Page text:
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Native, introduced and invasive.

Invasive means "tending to spread very quickly and undesirably or harmfully". As wikipedia says "An invasive species is an organism that causes ecological or economic harm in a new environment where it is not native. ... Invasive species are capable of causing extinctions of native plants and animals, reducing biodiversity, competing with native organisms for limited resources, and altering habitats". But the term "invasive" it's not always so simple to define and can be quite subjective.

In Hong Kong we have some really bad and invasive species, like the red-eared sliders; the Apple snail; the Red Imported Fire Ant; and the House Crow. We have to add to this the plants Sonneratia and Mikania micrantha (an exotic perennial herbaceous vine, aka the "mile-a-minute" weed). These are all recognised as posing a threat to the local ecology by the government, so we need to look out for them.   

The red-eared slider; so cute and cheap when young, but a real problem in our parks and ponds.

Some introduced animals and species are not so bad. Although a detailed database on invasive alien species is currently not available, the Government has recorded information related to alien species; for instance, Hong Kong currently has over 3,000 plant species, among which about one-third are alien species, including some common fruit trees and ornamental plants. A large number of introduced species have long been naturalised in Hong Kong, and have no significant impact on the local ecology. Many of the weeds in cultivated areas are exotics, as are the fish in the concrete channels that you see in the towns in the New Territories, many the result of the buddhist release programmes that are so harmful. Oh, and lets not forget the "American" cockroach and the Giant African land snail...and the  greenhouse frog (Eleutherodactylus planirostris) which I often find on my walks, but these are not so damaging. Much like the chinese/green water dragons, which have established breeding colonies but do not really threaten any local species.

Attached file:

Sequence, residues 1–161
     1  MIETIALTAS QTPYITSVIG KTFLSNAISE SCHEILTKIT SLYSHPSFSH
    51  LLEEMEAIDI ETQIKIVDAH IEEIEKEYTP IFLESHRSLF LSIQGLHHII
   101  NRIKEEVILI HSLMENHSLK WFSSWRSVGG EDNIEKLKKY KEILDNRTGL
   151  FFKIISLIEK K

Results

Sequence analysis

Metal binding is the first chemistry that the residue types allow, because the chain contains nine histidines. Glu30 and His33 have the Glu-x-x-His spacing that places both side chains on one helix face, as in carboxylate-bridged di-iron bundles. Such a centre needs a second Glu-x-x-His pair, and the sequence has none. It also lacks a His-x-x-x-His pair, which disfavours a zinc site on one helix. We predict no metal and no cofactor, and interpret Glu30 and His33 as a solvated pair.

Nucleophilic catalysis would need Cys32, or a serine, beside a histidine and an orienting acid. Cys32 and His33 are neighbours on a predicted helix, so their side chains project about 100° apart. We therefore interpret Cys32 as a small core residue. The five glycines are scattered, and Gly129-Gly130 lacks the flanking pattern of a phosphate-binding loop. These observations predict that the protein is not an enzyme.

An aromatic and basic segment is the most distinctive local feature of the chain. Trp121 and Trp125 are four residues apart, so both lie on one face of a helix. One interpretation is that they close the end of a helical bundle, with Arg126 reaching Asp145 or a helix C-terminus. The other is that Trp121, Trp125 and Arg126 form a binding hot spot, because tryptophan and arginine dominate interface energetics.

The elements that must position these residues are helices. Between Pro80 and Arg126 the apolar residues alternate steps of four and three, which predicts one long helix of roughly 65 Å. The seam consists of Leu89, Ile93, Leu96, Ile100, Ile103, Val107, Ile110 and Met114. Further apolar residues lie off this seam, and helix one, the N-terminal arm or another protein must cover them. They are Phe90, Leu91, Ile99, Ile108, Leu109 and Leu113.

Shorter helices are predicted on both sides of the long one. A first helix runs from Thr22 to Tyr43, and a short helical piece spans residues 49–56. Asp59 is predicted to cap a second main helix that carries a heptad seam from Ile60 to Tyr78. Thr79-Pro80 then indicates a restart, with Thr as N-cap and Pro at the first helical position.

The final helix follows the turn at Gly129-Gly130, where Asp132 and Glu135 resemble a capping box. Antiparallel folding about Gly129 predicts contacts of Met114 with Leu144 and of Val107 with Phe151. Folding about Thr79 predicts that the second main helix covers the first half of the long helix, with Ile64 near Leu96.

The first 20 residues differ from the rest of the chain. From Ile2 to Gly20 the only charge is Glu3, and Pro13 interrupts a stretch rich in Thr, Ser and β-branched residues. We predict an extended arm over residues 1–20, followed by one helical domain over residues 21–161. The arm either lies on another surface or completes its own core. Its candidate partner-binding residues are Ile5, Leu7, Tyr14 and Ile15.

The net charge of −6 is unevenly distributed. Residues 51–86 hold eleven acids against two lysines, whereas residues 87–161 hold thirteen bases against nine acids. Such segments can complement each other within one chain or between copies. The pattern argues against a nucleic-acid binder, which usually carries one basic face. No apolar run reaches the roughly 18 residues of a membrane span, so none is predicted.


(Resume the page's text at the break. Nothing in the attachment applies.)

Beware invasive species....

There have so far been two alien disasters in Hong Kong: the Pinewood Nematode (from North America) and Pine-needle Scale Insect (from Taiwan), which together virtually eliminated the native Pinus massoniana in the 1970s and 80s. The chance of another disaster increases every time an additional alien species becomes established in Hong Kong. So we do need to be mindful.

Also some species are introduced to help with a problem, but they can often end up also being a problem. Like the macaques. While monkeys were once indigenous to the city they were probably wiped out by habitat loss and hunting, so the macaques of Monkey Hill were re-introduced to help solve the poisonous plants problem around the reservoirs, and now their population is growing.

In low-lying wetlands and rivers, mosquitofish – initially imported to eat mosquito larvae – and the tilapia fish – are classified by the International Union for Conservation of Nature as one of the world’s worst alien invasive species. .....they have been replacing native species such as the ricefish in streams. So a government policy also going wrong.

My personal nightmare are the red-eared sliders - as they decimate other pond life - and the "mile a minute" weed that covers much of our woodland and forest.  


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